Tonino de Bernardi’s tragic Huppert
Tonino de Bernardi is once again closing the Venice Film Festival Horizons section, this year with Médée Miracle. An underground filmmaker who works outside all market logic, marginal by choice, the Turin-born director pursues a dogged and anti-commercial idea of cinema: so much so that during his 40-year career only Appassionate (in competition at Venice 1999) has been released theatrically.
And yet his films, especially the most secret, clandestine ones, continue to charm: even Isabelle Huppert, who met de Bernardi in Locarno in 1993 and after a decade of postponed projects finally plays the lead in this contemporary interpretation of Euripides’ tragedy.
Medea’s name has been changed to Iréne (the reference to Ingrid Bergman’s character in Europa ’51 is not coincidental), a foreigner who leaves everything, including her country, for the love of Jason, a Frenchman who soon grows tired of and cheats on her. Abandoned, she vents her anger in promiscuity with the clients of the bistro where she performs (singing “Crazy Love” by Nick Cave and Marianne Faithfull), is labelled a depraved mother, and contemplates killing her daughters.
Yet the “miracle” of the title lies in her repudiation of the murder. Turning her violence inwards, after an initial bout of depression, will ultimately lead her to an altruistic fate.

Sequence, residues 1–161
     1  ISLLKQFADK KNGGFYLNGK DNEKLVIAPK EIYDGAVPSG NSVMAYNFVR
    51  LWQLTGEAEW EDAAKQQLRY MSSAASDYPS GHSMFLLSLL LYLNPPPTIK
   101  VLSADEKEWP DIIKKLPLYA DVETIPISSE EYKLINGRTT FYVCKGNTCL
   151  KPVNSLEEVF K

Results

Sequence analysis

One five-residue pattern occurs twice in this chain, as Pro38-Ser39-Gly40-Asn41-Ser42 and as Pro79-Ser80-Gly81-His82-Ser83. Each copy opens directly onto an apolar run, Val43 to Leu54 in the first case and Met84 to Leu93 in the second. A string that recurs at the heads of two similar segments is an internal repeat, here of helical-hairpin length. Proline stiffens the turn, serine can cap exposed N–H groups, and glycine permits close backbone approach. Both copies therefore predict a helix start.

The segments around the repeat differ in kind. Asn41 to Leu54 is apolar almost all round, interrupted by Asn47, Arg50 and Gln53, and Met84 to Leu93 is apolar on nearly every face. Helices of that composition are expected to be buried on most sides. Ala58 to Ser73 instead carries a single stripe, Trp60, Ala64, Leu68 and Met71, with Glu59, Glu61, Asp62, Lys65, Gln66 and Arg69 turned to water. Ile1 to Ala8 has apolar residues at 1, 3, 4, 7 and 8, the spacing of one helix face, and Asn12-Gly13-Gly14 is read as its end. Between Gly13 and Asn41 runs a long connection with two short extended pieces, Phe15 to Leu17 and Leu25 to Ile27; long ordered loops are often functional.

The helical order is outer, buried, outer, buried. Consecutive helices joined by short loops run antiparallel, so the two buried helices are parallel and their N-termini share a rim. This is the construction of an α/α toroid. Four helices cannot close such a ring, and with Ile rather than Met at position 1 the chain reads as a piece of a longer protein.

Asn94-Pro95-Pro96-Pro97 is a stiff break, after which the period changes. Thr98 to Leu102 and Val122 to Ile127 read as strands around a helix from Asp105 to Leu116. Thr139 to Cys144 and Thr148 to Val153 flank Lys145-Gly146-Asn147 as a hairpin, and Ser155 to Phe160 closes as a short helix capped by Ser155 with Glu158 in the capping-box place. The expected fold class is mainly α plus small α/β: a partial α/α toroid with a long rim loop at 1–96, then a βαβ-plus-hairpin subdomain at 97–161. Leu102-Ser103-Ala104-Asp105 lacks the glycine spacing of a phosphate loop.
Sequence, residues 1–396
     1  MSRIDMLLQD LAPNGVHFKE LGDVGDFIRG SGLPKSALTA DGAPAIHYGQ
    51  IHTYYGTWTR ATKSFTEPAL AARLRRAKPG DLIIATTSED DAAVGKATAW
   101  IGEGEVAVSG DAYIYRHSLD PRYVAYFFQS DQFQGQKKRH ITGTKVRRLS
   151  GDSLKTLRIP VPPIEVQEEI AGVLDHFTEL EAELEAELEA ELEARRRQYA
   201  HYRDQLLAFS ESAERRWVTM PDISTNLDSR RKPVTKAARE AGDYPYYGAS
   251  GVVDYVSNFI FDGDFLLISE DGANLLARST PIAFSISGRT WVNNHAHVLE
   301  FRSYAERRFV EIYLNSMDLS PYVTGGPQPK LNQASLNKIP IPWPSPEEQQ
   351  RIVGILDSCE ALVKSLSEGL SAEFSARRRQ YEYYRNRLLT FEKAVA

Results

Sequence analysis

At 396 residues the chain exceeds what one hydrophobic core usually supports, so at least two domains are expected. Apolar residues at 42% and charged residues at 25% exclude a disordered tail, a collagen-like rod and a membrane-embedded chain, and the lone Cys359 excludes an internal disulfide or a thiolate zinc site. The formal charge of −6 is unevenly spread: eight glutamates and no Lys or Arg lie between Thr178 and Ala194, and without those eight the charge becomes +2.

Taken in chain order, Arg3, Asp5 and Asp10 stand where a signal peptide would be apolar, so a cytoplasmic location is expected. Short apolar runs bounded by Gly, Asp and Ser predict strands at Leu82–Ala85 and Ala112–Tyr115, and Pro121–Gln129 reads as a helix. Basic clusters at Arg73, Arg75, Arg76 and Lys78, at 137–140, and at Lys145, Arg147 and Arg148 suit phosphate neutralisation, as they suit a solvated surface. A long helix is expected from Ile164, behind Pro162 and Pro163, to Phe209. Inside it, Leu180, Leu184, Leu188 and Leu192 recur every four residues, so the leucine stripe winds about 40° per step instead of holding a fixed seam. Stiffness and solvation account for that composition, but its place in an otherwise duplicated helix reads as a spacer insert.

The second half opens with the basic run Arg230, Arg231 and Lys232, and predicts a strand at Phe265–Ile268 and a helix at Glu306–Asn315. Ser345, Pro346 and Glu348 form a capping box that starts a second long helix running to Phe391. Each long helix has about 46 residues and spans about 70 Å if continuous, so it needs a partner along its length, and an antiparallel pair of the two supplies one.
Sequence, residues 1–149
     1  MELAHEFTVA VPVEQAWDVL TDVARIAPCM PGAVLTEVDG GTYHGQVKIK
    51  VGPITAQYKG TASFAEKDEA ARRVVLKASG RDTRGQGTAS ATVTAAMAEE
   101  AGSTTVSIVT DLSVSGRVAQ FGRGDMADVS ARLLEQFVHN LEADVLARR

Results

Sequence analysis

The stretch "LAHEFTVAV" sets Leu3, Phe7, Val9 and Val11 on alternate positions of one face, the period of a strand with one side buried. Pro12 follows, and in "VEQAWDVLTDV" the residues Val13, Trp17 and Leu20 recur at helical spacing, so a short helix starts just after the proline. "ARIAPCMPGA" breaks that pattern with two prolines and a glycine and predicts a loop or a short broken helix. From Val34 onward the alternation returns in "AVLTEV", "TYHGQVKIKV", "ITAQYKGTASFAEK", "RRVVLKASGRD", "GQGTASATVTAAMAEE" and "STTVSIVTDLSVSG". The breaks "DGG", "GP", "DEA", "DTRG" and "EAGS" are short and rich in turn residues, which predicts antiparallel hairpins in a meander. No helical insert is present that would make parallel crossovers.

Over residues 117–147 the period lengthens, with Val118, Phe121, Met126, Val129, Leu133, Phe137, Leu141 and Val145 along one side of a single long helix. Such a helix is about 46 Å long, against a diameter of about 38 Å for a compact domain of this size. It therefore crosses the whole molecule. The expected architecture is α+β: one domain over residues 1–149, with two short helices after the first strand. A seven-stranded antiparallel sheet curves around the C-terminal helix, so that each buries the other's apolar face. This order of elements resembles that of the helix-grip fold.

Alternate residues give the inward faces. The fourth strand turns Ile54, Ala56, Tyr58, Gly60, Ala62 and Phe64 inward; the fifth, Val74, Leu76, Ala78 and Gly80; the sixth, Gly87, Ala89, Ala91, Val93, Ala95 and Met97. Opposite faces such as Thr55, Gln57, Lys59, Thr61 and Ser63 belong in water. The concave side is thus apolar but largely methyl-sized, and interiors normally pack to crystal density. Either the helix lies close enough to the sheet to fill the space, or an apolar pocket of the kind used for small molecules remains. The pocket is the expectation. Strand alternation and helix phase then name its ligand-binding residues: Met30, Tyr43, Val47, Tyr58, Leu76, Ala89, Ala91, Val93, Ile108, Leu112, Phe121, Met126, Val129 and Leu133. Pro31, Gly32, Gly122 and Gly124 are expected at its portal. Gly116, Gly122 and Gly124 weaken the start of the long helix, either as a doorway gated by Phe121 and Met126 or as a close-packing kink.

Already a convincing Medea on the stage, Huppert (winner of the Volpi Cup in 1988 and 1995, and a Special Lion in 2005) turns the heroine into a modern woman, who moves through the desolate landscape of the Parisian banlieu, made grey by the “dirty” images of the Tommaso Borgstrom, de Bernardi’s long-time cinematographer.
The French actress is flanked by Lou Castel, Isabel Ruth, Tommaso Ragno and Maria de Medeiros. The director admits he changed his mind about the actors (“they are not objects that cinema transforms into merchandise, but a means to reach territories that frighten us”) yet despite the big names and (even) commercial appeal of its lead actress, Médée Miracle (an Italian/French co-production between Paris-based companies Stella Films and Les Films du Camelia, Turin’s Lontane Province Film and ARTE) has not yet found distribution in Italy.
International sales are being handled by UMedia.
(Translated from Italian)
Did you enjoy reading this article? Please subscribe to our newsletter to receive more stories like this directly in your inbox.